Chris Stubbs

Vonage Team Member

Chris is an engineer with an interest in DIY, electronics, embedded software and web applications. He lives in England, enjoys building wacky creations and attending hacker camps.

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Building a Queue for the EMF Roamer with the Vonage SMS API and PHP

Last updated on Oct 06, 2022

If you haven't heard of Electromagnetic Field (EMF) Camp, imagine a field in the quaint English countryside, temporarily populated by 2,500 curious tech/maker enthusiasts; fiber internet, radio masts, robotic bartenders, lasers illuminating the sky, and wild/wacky inventions as far as the eye can see.

One of these wacky inventions was the EMF Roamer, a quarter-scale wooden Tesla Cybertruck, deployed to roam around the side, controlled by anyone over the internet!

The Roamer, photographed at dusk with RGB underglow lighting.
The Roamer, photographed at dusk with RGB underglow lighting.

Image credit VicHarkness.

Just allowing people to drive it line of sight wasn’t good enough! Especially not in the world of the Internet of Things. Live video from a camera, along with the location on a map is streamed to the user while they have control of the roamer.

A free for all in terms of control would have been a mess, so we devised a queue system. People could join the queue in their web browser and wait their turn, or provide a mobile phone number to receive an SMS when their turn is up (thanks Vonage!). The queue system is “serverless”, in that it does not require a dedicated server. Instead, it runs on simple shared hosting, with PHP coordinating the queue on-demand, which is stored in a MySQL database.

What We're Building

This article will describe how to set up the required libraries and database, then create a simple example queue, like that used to drive the EMF Roamer. If users provide a phone number and close the page after joining the queue, they will be sent an SMS using Vonage when it's their turn. The system is written in PHP with a MySQL backend, designed to run on shared hosting. If you don’t have a web host already, you can follow along on your own computer using software such as WAMP.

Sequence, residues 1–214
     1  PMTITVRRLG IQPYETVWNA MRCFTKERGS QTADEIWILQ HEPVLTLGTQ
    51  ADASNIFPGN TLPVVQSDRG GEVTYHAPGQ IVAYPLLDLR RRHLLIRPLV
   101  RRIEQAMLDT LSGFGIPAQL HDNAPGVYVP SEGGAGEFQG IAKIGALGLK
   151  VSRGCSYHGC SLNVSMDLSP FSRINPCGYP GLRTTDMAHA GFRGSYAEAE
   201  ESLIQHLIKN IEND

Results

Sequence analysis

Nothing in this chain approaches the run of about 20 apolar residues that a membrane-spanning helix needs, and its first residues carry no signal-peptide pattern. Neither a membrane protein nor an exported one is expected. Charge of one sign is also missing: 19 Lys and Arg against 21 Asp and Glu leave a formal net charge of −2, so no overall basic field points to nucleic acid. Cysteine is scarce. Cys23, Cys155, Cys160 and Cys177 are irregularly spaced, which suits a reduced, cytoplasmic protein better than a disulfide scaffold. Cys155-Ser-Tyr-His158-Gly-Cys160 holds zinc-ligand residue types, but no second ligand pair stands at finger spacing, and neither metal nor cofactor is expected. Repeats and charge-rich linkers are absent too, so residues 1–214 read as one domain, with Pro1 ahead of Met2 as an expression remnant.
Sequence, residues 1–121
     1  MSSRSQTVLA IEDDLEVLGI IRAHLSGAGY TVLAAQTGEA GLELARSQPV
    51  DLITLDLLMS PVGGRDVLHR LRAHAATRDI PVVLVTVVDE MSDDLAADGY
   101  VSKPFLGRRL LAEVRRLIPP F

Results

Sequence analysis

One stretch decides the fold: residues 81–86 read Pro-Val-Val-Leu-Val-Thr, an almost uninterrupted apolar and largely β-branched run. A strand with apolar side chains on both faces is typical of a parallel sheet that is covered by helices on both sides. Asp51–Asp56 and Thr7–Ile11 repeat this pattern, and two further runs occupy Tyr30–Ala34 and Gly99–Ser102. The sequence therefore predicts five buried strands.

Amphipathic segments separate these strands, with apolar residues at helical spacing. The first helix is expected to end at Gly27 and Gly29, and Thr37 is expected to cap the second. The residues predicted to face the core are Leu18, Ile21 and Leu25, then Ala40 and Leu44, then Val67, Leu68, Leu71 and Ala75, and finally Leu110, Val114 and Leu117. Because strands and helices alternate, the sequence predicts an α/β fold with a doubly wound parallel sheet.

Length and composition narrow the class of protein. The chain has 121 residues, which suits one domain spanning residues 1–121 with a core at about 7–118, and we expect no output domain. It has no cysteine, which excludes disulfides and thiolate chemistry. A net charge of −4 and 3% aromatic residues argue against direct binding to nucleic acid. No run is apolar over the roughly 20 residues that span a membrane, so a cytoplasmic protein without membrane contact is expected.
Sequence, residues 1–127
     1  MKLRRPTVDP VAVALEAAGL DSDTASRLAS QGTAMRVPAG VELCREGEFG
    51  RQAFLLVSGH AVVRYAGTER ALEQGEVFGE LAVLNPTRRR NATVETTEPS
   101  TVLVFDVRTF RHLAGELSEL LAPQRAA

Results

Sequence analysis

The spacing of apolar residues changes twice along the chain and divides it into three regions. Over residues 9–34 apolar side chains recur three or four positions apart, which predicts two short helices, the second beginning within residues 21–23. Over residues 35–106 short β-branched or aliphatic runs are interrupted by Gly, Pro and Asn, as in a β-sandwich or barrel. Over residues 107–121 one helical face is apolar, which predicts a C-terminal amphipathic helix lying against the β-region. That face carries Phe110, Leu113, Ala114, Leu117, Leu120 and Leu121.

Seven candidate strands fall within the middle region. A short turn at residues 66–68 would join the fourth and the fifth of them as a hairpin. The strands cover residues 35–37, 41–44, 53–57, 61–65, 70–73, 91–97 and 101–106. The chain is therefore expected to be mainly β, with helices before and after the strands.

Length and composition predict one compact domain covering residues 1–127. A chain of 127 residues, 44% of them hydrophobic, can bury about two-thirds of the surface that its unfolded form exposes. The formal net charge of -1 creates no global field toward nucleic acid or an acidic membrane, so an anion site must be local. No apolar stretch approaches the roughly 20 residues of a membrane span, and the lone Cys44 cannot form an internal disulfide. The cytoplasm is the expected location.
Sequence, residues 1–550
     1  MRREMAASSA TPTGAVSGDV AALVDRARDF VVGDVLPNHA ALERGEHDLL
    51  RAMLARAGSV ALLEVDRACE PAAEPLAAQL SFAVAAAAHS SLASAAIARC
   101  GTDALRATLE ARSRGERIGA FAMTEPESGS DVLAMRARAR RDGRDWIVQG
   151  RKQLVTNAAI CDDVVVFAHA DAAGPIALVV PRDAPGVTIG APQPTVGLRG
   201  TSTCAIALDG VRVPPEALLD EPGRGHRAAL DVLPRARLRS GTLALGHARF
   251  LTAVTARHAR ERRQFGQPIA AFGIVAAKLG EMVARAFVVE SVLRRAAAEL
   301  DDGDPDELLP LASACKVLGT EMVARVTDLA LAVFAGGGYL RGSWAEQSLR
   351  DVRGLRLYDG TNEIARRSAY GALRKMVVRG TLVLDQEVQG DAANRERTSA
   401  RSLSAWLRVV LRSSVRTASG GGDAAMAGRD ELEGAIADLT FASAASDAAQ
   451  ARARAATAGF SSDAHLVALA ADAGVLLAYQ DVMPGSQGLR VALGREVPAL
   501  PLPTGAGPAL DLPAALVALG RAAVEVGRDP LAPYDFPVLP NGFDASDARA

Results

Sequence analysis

Flowchart illustrating the queueing process (Start > Wait until at the front > Control until time is up > Leave
Flowchart illustrating the queueing process (Start > Wait until at the front > Control until time is up > Leave


To make full use of the SMS delivery, you'll need a Vonage Developer account. You can sign up for one today and follow this tutorial using free credit. Find your API Key/Secret at the top of the Vonage API Dashboard.

You will need to clone the PHP Web User Queue from GitHub.

You will also need to install the Vonage PHP client library. This can be done using Composer.

composer require vonage/client

If you're new to Composer, you may find Composer's Getting Started page useful.

To install the PHP Web User Queue library to your project, copy the PHPWebUserQueue to your server and rename settings.template.php to settings.php, then edit it:

$selfdrive = TRUE; //Allow user page requests to self drive the worker in order to keep things running faster
$timeout =3*60; //Time in seconds, how long a session lasts
$noshowtimeout = 2*60; //Time in seconds their place at the front of the queue will be held